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Former Spanish Prime Minister Says Legalize Drugs to End Violence

Submitted by Phillip Smith on (Issue #649)
Consequences of Prohibition
Politics & Advocacy

Felipe Gonzalez has joined the ranks of prominent global political figures calling for the legalization of drugs. In remarks made Monday at a Madrid event commemorating Mexico's 200th anniversary of Independence, Gonzalez said that legalizing drug consumption should be considered as a solution for the violence currently sweeping Mexico.

Felipe Gonzalez
But the violence in Mexico isn't solely a Mexican problem, Gonzalez said. It has much to do with the United States, and the solution could be to legalize drug consumption.

"Mexico is burying the dead, but it isn't just Mexico's problem," Gonzalez said. "The $350 million or $350 million is on the other side" of the border with the US. "From there come the weapons," he added.

Gonzalez joins Colombia's Juan Manuel Santos and Mexico's Vicente Fox as the latest current and former heads of state to call for legalization. Mexico's current president, Felipe Calderon, has also lent recent support to discussing legalization, though without taking the pro position.

Organized crime is "one of the most serious threats to security that the world faces," Spain's former prime minister said. An international conference on the matter could be "an option," he added.

One need only look at the experience of alcohol Prohibition in the US to see what happens, Gonzalez continued. "Look back and think about the organized crime in the United States, with thousands of deaths, that occurred as a result of the criminalization of alcohol," he said. That violence "did away with Prohibition, and the business, with its taxes, was made legal."

In that sense, legalization of drugs could be defended as a solution, Gonzalez said, although he added that "no country can do this unilaterally without an extraordinarily grave cost for its leaders." Instead, "there must be an international agreement that is agreed to by all" because if only one country legalizes, there would be "a growth in consumption with an unsustainable cost for political leaders," he said.

An international agreement to end drug prohibition is the way to go, Gonzalez reiterated. "I think that that's going to be the only path that we really have to confront" the problem.

Permission to Reprint: This content is licensed under a modified Creative Commons Attribution license. Content of a purely educational nature in Drug War Chronicle appear courtesy of DRCNet Foundation, unless otherwise noted.


jj (not verified)

Is it not incredible that these former bigwigs find courage to swim against the tide when they leave office? Now that they have absolutely nothing to lose they come forth proclaiming sense and reason, something that was strangely unavailable to they when they were in the government and towing its line.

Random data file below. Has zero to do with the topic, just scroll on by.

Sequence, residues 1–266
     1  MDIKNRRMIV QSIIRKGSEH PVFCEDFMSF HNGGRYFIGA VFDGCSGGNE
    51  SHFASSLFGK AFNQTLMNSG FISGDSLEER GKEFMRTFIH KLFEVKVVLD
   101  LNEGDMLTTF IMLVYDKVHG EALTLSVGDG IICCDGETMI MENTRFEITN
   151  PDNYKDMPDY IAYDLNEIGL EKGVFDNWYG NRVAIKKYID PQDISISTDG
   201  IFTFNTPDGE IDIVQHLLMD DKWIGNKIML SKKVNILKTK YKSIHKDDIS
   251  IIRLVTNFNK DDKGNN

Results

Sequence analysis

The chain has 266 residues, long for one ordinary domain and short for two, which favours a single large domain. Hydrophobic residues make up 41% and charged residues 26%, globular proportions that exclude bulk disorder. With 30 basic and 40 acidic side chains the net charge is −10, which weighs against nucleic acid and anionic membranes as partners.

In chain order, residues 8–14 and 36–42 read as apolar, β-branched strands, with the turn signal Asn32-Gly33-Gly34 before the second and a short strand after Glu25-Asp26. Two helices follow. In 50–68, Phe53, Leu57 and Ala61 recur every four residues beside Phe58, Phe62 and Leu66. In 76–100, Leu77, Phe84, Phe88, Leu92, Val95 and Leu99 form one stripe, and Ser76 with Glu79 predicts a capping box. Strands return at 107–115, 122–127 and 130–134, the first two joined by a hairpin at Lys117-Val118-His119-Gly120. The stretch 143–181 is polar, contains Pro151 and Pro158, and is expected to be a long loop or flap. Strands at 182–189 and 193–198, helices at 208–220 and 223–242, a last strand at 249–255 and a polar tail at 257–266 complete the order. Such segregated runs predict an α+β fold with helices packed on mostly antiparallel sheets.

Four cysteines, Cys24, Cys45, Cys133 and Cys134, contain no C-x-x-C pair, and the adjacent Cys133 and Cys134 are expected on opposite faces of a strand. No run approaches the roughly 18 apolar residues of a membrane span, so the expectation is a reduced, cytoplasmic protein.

Wed, 09/15/2010 - 11:09pm Permalink
Ed Cup (not verified)

I am in Wisconsin and I gave given 100, then 70, then another 50 this past week.  I have also been commenting continuously on every CNN article remotely related to marijuana.

Join me!  If you can spare even 5$, please donate to prop 19 at

The change coming to California will ripple throughout the free world. I promise you.  But PLEASE don't take the California prop 19 outcome as a given. Help make prop 19 win by a large majority.  The ripple effect will be dramatic.

Obama enacted an enforcement policy ensuring people growing and using marijuana legally under state law will not be persecuted by the federal government.

That is what Obama will continue to do this November.

Thu, 09/16/2010 - 8:47am Permalink
JNGII (not verified)

I've reviewed Letitia Pepper's misinformation regarding Prop 19 in the pasted text and PDF file below. Please post and circulate widely. Thank you.

-- Chris Conrad, court-qualified cannabis expert and consultant
PO Box 1716, El Cerrito CA 94530
510-215-8326 / 510-234-4460 fax /

Don’t Be Fooled:
Prop. 19 WILL protect Medical Marijuana Patients and Collectives

Here’s what Prop 19 proponents say in their official ballot argument: “Medical marijuana patients’ rights are preserved.” Here’s what its opponents say in their official ballot argument: “Proposition 19 makes no changes either way in the medical marijuana laws.” Both sides agree about this point, it’s that clear. So where’s the confusion coming from?

Letitia Pepper, for one. A “patient” and attorney who worked for Best, Best & Krieger — the same law firm that’s been advising cities on how to ban medical marijuana collectives — she is now trying to convince patients and collectives that Prop 19 overturns California’s medical marijuana laws. She is entitled to her opinion; it merits no particular weight in state Appeals court. However, she is giving out false information (see reverse side), and by discouraging voters from supporting Prop 19, she is working against medical marijuana, as well – just like her old law firm. Don’t you fall for it: This is a very well-written law. Vote Yes on Prop 19.

Thu, 09/16/2010 - 11:57am Permalink
jakester (not verified)

this is the logical and intelligent way which is why it probably will not happen because politicians have been accused of many things but intelligent!!!!!! this will take out almost every illegal reason to peddle drugs take out profit and violence goes with it for sure

Thu, 09/16/2010 - 1:43pm Permalink

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